'This is the stuff of the Sedition Act," said First Amendment lawyer Floyd Abrams. He was referring to independent counsel Kenneth Starr's use of grand jury subpoenas to ferret out leaks to journalists critical of him and his staff.
Sedition - what a quaint word. Thanks to my friend William Safire, who has been researching the subject for a book, I was able to go back 200 years to the Sedition Act of 1798 and learn how the government treated irksome journalists then.
The Michael Isikoff of his day (Mr. Isikoff is the Newsweek reporter who broke the Lewinsky story) was James Callendar, who wrote for the newspaper Aurora. One of Mr. Callendar's prize sources was Vice President Thomas Jefferson. Thanks to friends of Mr. Jefferson, Callendar was able to report that an unsavory associate of Treasury Secretary Alexander Hamilton, James Reynolds, had had late-night meetings at Mr. Hamilton's home, getting inside information to speculate in government securities.
Hamilton indignantly denied the charge. He said the reason for the late-night activity at his home was that he was having an affair with Reynolds's wife. Thus, an adulterer, not a speculator.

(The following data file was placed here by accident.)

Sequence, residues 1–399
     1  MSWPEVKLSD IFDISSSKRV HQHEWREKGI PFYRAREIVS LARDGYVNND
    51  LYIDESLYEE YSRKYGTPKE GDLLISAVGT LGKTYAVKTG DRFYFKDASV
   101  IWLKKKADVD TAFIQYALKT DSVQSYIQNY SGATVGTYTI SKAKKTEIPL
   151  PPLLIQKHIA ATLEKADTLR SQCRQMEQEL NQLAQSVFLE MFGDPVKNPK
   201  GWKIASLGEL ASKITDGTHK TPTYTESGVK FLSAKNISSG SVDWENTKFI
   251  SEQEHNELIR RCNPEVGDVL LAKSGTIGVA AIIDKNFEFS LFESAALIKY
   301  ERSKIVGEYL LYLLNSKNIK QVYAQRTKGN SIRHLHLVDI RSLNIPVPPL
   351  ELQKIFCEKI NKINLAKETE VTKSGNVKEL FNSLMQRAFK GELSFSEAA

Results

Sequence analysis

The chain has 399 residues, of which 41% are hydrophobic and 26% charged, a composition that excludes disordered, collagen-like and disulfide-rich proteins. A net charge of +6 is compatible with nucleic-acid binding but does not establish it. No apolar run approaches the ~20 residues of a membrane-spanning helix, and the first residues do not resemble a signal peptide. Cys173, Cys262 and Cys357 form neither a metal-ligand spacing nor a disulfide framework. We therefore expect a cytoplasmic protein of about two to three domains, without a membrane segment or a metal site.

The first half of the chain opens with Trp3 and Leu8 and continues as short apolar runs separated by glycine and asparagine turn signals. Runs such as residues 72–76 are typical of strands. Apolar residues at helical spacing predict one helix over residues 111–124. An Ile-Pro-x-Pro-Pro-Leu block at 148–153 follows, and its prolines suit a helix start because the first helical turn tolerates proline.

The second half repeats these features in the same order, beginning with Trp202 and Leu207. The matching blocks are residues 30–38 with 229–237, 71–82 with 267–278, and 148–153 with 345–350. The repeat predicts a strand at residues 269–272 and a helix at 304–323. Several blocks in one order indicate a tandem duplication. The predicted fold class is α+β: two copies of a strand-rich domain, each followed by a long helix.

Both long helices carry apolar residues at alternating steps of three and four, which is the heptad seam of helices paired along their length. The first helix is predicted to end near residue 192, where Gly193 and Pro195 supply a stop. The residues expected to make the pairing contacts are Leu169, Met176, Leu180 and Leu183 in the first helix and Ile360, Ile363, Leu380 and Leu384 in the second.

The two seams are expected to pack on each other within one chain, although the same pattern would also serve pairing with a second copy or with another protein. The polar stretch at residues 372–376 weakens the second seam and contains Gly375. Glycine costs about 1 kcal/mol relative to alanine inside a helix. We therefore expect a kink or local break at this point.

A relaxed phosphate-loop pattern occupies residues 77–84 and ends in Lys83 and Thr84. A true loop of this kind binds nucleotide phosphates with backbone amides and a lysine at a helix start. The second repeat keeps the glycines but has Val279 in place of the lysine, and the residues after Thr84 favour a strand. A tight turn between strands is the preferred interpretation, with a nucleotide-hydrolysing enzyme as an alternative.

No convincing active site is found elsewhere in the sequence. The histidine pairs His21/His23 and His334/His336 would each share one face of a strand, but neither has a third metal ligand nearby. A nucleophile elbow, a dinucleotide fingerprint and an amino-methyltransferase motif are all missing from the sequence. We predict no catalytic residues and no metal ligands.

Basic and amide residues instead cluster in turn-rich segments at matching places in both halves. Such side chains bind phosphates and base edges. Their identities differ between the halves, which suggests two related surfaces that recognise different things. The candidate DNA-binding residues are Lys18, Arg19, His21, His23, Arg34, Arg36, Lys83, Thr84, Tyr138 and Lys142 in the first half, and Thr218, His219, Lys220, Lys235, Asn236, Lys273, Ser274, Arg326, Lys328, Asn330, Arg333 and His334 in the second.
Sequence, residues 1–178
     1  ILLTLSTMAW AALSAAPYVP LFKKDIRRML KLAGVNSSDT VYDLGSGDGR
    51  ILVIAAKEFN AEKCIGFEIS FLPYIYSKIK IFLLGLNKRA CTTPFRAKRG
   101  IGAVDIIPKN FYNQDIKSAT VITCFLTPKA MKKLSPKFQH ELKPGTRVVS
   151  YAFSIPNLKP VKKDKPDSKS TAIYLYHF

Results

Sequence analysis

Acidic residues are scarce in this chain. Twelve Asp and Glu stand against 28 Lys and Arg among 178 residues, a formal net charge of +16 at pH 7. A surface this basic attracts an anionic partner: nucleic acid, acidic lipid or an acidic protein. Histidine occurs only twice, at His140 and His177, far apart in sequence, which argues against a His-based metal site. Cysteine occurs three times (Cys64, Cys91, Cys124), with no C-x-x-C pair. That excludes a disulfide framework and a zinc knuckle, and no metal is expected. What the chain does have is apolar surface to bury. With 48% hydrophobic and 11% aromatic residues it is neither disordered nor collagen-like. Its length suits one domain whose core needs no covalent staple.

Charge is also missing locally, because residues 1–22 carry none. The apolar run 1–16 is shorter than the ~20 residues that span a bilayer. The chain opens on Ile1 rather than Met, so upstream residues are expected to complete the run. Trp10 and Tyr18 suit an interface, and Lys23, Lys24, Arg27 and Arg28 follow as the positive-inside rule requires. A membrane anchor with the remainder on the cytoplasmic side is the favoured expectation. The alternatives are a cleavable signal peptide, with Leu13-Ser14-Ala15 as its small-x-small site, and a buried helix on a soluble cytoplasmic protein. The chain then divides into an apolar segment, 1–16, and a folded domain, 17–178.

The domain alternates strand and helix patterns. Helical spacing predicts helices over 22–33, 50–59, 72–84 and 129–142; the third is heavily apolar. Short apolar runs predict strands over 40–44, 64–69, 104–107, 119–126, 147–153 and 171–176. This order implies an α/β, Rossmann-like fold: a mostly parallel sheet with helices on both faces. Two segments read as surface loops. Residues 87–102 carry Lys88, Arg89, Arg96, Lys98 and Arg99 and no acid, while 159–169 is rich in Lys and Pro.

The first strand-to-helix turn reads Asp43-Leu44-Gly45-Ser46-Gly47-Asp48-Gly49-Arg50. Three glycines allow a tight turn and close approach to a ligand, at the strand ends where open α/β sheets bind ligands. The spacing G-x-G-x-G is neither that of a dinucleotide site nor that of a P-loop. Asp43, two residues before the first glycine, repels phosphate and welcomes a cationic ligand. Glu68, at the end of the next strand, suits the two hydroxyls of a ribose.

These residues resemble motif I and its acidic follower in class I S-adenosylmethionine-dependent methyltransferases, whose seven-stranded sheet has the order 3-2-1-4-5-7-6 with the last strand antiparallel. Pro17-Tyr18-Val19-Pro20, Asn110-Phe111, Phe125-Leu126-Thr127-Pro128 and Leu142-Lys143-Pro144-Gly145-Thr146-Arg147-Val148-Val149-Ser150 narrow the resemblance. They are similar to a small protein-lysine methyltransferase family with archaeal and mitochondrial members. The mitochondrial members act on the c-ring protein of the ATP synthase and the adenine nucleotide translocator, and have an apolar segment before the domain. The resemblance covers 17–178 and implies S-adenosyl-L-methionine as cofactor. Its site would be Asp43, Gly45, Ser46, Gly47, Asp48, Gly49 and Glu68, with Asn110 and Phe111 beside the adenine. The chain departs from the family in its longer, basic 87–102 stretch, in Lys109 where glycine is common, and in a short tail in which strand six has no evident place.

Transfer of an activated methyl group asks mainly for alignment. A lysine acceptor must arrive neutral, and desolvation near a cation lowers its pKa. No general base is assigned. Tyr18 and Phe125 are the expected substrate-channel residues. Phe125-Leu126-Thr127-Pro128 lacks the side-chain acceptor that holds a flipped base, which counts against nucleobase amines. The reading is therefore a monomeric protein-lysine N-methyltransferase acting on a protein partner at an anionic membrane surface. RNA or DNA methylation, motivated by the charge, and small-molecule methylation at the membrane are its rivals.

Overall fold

OUT of this and other such embarrassing reports came the Sedition Act. It prohibited "false, scandalous, and malicious writings," and any "writings against the government of the United States,"on pain of fines and prison up to two years. That was before the Supreme Court started reviewing laws for constitutionality.
Callendar and 13 others were convicted of sedition. Luckily for them, Jefferson was elected president, and he pardoned them all. The Sedition Act lapsed and was not reenacted.
And a good thing, too, if you will allow a self-serving comment. Imagine what President Nixon would have done with a Sedition Act! As it was, he had to content himself with an enemies list and an FBI investigation of me.
Even without a Sedition Act, there are ways to send a journalist to jail. In 1976, I was subpoenaed to appear before the House Ethics Committee and threatened with jail for contempt of Congress if I did not disclose the source of a report on the CIA, which the House had voted to suppress. In the end, the committee voted 6 to 5 not to send me to jail - a little too close for comfort.
Now a new generation of reporters and their sources face the challenge of an angry independent counsel, looking for blood and able to drag people before the grand jury. Just think what Mr. Starr would do if he had that old Sedition Act.
* Daniel Schorr is senior news analyst for National Public Radio.